It’s hardly in a water-short region, so it may come as a surprise that Boston, Massachusetts, stands out as one of the biggest success stories in urban conservation in the United States.
An email crossing my desk early in 2005 announced that total water use in greater Boston had just dropped to a 50-year low—a stunning achievement, especially in light of the city’s booming economy in recent decades. And the region’s water demand has continued to drop: by 2009, it had fallen 43 percent from the 1980 peak.
Why and how did this New England capital come to add this feather to its cap? The reasons offer some important lessons for citizens and communities around the country and the globe.
Back in the 1980s, Boston faced a familiar problem: its demand for water would soon outstrip the reliable supply of its water system. Its 412-billion-gallon reservoir was tinkering on half- to a quarter-full, setting the greater Boston area up for significant problems should a drought take hold. The region was using about 350 million gallons a day (mgd) back then, when safe levels were considered 300 mgd.
The water authority responded as most water providers would in such a circumstance—by looking for new water sources to expand the supply.
The best option seemed to be a diversion from New England’s biggest river, the Connecticut, which runs all the way from the northern tip of New Hampshire to the Long Island Sound. The proposed diversion would siphon new supplies over to the Quabbin Reservoir, which had been created decades earlier by damming the Swift River in western Massachusetts, and drowning out four rural towns.
Aqueducts carry drinking water 65 miles from the glistening Quabbin to the toilets and taps of greater Boston, passing through the Wachusett Reservoir along the way.
When citizens and environmental groups got wind of the diversion scheme, they wasted little time in voicing concern about the ecological impacts, including potential harm to efforts to restore Atlantic salmon to the Connecticut River. They pushed for a different approach—reducing Boston’s water demand rather than expanding its supply.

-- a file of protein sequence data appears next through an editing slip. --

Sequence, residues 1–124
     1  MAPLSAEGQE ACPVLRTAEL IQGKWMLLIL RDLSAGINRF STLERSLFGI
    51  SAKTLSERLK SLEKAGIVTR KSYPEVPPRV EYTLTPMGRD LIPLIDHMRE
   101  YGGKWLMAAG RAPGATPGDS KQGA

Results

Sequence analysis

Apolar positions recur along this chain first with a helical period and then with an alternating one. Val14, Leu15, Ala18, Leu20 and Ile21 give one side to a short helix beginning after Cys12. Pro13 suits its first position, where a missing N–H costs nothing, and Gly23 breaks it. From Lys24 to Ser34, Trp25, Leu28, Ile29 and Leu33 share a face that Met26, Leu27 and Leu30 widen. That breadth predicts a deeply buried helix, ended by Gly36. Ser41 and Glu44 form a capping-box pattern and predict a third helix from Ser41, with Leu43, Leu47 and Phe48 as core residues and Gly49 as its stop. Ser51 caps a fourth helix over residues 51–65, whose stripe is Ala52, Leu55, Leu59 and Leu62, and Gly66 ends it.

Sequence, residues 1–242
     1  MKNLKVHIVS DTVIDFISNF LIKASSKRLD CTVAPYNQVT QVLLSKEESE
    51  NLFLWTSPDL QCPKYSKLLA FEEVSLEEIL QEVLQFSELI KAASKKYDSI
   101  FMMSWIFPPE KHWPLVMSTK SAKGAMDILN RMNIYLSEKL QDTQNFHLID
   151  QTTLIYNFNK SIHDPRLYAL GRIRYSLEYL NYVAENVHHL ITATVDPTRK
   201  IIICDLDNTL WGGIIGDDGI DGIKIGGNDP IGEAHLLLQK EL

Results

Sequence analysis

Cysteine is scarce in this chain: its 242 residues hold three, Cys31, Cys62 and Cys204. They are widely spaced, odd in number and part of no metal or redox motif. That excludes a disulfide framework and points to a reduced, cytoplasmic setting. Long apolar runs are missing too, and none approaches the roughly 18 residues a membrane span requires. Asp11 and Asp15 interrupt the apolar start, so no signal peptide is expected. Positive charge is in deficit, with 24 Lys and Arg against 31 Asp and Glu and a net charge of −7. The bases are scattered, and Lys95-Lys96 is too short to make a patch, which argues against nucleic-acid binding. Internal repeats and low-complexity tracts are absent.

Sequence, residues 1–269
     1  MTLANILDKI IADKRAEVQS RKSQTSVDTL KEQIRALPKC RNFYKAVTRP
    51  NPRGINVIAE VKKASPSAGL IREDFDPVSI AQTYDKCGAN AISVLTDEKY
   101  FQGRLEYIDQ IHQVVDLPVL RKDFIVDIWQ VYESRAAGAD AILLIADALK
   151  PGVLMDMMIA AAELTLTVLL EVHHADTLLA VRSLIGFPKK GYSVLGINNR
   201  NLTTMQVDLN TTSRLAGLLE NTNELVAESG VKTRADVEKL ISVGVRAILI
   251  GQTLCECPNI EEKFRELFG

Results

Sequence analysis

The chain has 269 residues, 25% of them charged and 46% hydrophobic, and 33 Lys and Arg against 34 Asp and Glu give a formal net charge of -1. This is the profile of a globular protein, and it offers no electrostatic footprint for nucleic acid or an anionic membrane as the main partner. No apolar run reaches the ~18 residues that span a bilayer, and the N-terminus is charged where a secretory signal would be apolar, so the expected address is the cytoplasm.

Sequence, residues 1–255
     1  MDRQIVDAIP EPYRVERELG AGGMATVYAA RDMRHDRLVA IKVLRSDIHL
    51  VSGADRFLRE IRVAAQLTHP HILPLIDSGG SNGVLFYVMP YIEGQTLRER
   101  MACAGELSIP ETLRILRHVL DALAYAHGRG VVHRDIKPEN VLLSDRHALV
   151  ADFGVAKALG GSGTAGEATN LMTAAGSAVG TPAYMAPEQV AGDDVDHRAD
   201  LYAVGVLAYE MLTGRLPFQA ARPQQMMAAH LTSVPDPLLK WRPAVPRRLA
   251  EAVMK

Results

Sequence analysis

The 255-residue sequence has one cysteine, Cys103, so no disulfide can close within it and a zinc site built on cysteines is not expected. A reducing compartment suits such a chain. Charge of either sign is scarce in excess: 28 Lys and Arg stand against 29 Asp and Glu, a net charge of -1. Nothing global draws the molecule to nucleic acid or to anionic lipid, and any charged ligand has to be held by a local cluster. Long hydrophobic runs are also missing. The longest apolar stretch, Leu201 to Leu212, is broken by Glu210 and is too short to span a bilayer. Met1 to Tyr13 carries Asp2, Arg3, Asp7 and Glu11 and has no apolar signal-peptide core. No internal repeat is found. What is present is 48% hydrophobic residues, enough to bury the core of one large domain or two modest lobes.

In response, the newly established Massachusetts Water Resources Authority (MWRA)—the water wholesaler for 2.5 million people and more than 5,500 large industries in Boston and 50 surrounding communities—began an aggressive conservation program. It set out to detect and repair leaks in the aging pipes of the water distribution system. It retrofitted about 350,000 homes with efficient plumbing fixtures, such as low-flow showerheads. It conducted water audits of large industrial facilities and refurbished water meters to better track how much water the agency sells to communities. The MWRA also raised water rates and stepped up public education about the importance of water conservation.
An additional boost came In 1988, a year after the program got under way, when Massachusetts became the first state in the nation to require low-volume toilets in all new construction and remodeling—an important precursor to the federal efficiency standards passed four years later.
In a unique arrangement, MWRA also funds a citizen watchdog group called the Water Supply Citizens Advisory Committee, based in the western Massachusetts town of Hadley, not far from the Quabbin Reservoir. Aided by active citizen participation, the conservation program produced a steep and steady decline in greater Boston’s water demand: total use in 2009 was 70.9 billion gallons (268.5 million cubic meters) per year, a 43 percent drop from the 1980 peak of 125.5 billion gallons (474.9 million cubic meters) .
Today, the Quabbin Reservoir is brimming with water, and the diversion from the Connecticut River is no longer on the table.
The conservation program also proved cost-effective, and spared Greater Boston residents the estimated $500 million-dollar capital expense of the diversion project.
But the story isn’t over. Controversy swirls over what to do with the “surplus” water in the Quabbin. With its customer base now using so much less water per person, MWRA is looking to spread its fixed costs among more customers. Within the last six years it has added five more communities to its service area. For their part, environmental groups would like to see the “surplus” used to restore more natural flows to the Swift River in order to improve fisheries and other ecosystem benefits.
Spawned by conservation’s success, the debate about the best use of “surplus” water is one that a growing number of cities around the country running short of water would probably love to be having.
Sandra Postel directs the independent Global Water Policy Project and lectures, writes, and consults on international water issues. Author of several acclaimed books, including the classic Last Oasis, Postel also serves as lead water expert for the National Geographic Society’s Freshwater Initiative. Postel is a 1995 Pew Scholar in Conservation and the Environment, and in 2002 was named one of the “Scientific American 50″ for her contributions to water policy.
It would be lovely if South Affrica could follow in Boston’s footsteps….